Acral lentiginous melanoma (ALM) is an uncommon type of cutaneous melanoma that occurs on the acral surfaces (palm, sole, or nail unit), with the sole being the most common location.1 In 1976 Reed first reported on ALM, describing it as the fourth distinct subtype of cutaneous melanoma, along with superficial spreading, nodular, and lentigo maligna melanomas.2 Arrington et al helped further characterize ALM and first documented its poor overall prognosis a year later.3 ALM accounts for approximately 2% to 3% of all cutaneous melanomas and affects men and women equally.1 Although the overall incidence of ALM is low (2.0 per million patientyears), it represents the most common type of melanoma diagnosed in darker-skinned individuals, including those of African, Asian, and Hispanic descent.1 Data suggest that ALM is disproportionately represented in dark-skinned individuals because they develop fewer cutaneous melanomas overall, particularly the types linked to chronic sun exposure.1 ALM tends to present in those aged 50 to 60 years and older, which is in line with most cutaneous melanomas.1 Recent, larger studies have attributed the poor prognosis of ALM to delayed diagnosis resulting in more advanced disease stage at presentation.1,4 These studies have shown that the independent prognostic risk factors (ulceration, tumor thickness, and tumor spread) are consistent with those detailed in the American Joint Committee on Cancer (AJCC) staging system, supporting the speculation that the decreased overall survival associated with ALM likely is due to delayed diagnosis, not because the melanoma acts more aggressively.5 A delay in diagnosis may occur because the patient may not realize the lesion is there (they may be unable to examine the bottom of their foot, as was the case in this patient) or they may not recognize the lesion as concerning. In addition, it can be difficult to perform a biopsy on the acral surfaces. In 1 study, physicians (mostly nondermatologists) clinically misdiagnosed 20% of melanomas on the palms and soles, leading to a delay in diagnosis of 12 months.6 Chronic sun exposure does not seem to be a risk factor for the development of ALM, as is the case for other types of melanoma.7 In fact, most of the typical risk factors for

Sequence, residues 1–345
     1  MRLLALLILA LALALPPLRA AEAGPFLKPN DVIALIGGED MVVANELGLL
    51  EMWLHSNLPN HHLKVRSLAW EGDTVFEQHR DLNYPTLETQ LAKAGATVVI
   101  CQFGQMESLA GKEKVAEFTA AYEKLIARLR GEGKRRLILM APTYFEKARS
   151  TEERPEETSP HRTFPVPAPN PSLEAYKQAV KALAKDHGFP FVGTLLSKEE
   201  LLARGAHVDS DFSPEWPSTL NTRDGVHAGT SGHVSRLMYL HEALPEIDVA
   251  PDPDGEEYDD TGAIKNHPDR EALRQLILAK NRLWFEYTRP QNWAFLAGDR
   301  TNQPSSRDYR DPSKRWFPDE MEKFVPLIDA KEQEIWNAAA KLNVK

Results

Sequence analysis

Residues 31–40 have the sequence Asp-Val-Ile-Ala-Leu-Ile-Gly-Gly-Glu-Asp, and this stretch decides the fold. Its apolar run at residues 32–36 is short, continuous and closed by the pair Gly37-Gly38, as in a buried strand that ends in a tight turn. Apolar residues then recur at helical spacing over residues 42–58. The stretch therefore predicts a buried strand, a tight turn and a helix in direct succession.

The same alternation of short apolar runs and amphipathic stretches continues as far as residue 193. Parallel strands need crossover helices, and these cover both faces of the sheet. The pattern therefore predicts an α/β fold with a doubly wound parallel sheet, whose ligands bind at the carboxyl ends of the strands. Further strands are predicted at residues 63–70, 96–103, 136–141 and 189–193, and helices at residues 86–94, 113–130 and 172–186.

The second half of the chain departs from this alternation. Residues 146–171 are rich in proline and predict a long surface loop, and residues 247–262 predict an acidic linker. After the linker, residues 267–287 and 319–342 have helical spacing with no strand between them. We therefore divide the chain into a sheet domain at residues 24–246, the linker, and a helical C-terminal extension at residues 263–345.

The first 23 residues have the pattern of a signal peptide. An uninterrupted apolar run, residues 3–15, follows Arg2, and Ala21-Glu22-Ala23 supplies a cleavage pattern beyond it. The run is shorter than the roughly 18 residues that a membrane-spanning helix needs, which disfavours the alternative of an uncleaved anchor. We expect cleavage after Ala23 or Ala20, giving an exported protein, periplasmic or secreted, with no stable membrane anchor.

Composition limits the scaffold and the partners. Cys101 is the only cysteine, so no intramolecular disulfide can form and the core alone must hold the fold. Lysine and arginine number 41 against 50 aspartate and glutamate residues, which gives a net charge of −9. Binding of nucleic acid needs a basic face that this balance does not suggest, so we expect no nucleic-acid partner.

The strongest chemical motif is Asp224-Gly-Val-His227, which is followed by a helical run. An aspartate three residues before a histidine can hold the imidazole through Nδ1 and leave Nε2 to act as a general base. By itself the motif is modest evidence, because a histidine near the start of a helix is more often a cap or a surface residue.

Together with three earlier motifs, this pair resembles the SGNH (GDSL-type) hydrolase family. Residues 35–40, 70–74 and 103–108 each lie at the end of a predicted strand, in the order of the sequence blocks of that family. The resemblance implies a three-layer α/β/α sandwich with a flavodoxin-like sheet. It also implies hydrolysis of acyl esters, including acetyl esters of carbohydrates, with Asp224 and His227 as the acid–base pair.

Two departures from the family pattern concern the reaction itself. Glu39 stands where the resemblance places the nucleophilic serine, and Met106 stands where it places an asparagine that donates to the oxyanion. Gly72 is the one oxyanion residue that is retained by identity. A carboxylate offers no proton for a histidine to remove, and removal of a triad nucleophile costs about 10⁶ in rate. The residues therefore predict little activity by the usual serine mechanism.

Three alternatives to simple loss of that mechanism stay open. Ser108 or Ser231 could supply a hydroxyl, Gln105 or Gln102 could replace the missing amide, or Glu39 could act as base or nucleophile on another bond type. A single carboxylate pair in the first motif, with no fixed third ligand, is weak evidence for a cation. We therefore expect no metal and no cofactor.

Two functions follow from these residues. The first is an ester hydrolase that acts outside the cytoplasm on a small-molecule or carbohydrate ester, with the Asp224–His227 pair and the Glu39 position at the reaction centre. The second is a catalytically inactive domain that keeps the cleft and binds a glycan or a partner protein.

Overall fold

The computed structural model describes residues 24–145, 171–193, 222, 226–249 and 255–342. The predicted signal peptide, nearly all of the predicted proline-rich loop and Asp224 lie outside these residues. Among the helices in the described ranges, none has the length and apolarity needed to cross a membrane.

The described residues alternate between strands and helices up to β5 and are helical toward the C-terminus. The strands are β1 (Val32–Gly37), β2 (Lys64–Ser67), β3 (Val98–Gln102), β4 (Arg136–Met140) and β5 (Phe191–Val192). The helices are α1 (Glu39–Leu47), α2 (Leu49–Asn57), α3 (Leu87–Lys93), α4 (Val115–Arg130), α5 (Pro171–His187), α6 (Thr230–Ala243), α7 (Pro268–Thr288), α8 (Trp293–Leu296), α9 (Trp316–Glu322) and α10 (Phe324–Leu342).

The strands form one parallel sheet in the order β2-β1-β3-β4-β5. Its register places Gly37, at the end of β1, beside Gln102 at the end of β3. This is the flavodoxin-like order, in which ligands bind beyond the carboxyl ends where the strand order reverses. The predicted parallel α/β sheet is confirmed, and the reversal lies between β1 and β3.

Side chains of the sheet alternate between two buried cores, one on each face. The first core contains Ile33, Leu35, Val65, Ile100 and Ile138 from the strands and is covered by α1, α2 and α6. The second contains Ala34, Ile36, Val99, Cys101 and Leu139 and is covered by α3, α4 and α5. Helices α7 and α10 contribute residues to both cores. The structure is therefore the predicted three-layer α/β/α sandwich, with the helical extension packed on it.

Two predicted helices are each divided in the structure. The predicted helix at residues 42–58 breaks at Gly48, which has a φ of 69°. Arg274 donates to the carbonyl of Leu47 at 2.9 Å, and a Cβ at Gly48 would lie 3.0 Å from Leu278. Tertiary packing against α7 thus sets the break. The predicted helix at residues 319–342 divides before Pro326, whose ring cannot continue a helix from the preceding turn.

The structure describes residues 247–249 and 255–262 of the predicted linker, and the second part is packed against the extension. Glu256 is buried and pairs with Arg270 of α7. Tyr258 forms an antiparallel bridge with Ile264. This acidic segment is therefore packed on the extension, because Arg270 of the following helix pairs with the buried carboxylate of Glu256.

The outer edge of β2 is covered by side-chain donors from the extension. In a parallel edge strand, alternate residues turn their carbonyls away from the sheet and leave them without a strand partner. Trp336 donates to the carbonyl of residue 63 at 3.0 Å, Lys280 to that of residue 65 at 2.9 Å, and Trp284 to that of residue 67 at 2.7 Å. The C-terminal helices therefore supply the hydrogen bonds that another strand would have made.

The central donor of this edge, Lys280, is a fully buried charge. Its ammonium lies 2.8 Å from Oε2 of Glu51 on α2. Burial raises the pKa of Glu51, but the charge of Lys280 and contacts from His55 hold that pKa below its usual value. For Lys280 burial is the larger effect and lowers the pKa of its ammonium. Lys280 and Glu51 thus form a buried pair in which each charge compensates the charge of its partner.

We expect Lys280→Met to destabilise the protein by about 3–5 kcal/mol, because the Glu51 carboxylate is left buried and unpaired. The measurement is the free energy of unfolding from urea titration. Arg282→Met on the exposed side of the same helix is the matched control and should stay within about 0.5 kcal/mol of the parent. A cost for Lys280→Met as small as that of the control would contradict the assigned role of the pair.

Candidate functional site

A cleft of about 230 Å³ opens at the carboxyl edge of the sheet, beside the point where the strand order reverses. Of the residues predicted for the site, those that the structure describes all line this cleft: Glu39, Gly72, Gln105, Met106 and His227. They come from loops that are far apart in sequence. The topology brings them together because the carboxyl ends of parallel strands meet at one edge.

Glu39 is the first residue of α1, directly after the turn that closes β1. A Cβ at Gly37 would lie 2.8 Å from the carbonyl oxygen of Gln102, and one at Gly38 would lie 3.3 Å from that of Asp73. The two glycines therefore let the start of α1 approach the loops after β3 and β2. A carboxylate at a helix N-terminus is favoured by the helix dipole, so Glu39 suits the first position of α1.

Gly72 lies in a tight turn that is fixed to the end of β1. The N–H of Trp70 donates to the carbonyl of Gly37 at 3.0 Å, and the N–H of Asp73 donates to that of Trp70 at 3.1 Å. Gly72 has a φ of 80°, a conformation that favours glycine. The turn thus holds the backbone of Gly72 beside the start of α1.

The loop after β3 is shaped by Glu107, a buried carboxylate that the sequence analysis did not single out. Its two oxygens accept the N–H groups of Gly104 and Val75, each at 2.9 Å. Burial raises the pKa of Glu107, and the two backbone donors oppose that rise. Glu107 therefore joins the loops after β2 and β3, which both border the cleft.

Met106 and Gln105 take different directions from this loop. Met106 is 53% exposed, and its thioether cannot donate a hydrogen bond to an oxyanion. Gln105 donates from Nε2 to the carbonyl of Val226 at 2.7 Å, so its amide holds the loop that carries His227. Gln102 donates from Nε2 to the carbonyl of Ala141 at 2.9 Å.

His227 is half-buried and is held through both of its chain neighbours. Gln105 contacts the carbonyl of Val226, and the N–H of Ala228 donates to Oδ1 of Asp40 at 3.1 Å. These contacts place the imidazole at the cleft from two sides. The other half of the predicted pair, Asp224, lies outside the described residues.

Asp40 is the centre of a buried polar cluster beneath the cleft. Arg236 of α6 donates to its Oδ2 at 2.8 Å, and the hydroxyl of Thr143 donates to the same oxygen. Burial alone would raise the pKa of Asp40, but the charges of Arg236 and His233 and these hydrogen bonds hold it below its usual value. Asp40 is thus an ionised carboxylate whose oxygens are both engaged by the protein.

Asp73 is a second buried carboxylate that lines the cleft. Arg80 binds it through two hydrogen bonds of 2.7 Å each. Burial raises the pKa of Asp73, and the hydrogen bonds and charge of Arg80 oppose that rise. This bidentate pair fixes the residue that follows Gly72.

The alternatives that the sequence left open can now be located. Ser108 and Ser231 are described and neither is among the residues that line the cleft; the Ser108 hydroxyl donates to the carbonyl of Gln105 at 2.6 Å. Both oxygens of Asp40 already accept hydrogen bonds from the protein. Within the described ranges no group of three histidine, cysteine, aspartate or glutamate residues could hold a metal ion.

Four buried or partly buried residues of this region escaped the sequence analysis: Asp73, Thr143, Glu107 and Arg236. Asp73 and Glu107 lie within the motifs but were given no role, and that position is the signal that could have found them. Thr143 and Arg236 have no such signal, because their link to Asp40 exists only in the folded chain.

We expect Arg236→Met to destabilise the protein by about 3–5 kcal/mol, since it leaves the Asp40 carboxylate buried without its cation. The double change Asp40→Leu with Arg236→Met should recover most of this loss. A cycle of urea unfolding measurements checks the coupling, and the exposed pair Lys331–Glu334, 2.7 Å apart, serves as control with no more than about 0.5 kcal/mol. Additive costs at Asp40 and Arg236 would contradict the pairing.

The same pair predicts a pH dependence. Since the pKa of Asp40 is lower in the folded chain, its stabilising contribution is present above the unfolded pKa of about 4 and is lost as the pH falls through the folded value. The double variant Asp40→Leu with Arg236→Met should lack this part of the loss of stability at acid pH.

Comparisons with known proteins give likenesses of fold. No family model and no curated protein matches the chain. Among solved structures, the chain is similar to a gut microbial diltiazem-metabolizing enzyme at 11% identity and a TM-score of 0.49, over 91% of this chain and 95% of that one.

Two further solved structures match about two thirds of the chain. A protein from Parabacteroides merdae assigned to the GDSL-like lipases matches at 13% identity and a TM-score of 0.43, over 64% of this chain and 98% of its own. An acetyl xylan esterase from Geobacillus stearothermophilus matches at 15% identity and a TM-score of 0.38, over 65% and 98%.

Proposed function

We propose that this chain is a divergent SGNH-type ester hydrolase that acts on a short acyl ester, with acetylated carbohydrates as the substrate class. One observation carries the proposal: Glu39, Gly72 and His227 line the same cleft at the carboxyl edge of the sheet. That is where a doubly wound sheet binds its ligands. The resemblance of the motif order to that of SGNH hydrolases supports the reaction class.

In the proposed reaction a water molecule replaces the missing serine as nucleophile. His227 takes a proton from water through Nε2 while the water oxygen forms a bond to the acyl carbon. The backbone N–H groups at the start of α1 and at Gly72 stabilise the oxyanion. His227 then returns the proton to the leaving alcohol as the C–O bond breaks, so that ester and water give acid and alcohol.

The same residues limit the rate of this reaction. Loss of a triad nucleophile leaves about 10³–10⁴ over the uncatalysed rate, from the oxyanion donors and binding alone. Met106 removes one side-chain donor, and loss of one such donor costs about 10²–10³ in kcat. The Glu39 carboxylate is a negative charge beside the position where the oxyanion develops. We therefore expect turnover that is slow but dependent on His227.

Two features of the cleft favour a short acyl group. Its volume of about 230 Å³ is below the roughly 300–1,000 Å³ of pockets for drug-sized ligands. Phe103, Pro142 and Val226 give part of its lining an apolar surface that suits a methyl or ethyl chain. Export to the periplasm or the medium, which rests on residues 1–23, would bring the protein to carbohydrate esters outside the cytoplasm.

cutaneous melanoma — sun exposure, fair skin, family or personal history of melanoma, and multiple melanocytic nevi — do not seem to apply to this subtype.7 It has been proposed that long-term mechanical trauma may be a risk factor because ALM most commonly is found on the foot, a highly traumatized site. Although the exact pathogenesis of ALM remains uncertain, whole-genome sequencing has revealed mutated genes including BRAF, NRAS, NF1, and KIT.8,9 The overall mutation burden, however, is less than that associated with other types of melanoma.8 Aside from the location, ALM presents similarly to other types of melanoma; pigmented lesions with asymmetry, color variation, and irregular borders that grow and change over time. Raised areas, ulceration, and bleeding are signs of more advanced lesions.7 However, ALM may demonstrate unique dermoscopic findings, including a parallel ridge pattern or irregular diffuse pigmentation.7 For this reason, dermoscopy has been used widely as an adjunctive tool for the diagnosis of ALM. It can be helpful particularly in identifying early lesions and in differentiating ALM from acral nevi, traumatic lesions, tinea nigra, warts, and calluses, all of which should be included in the differential diagnosis.7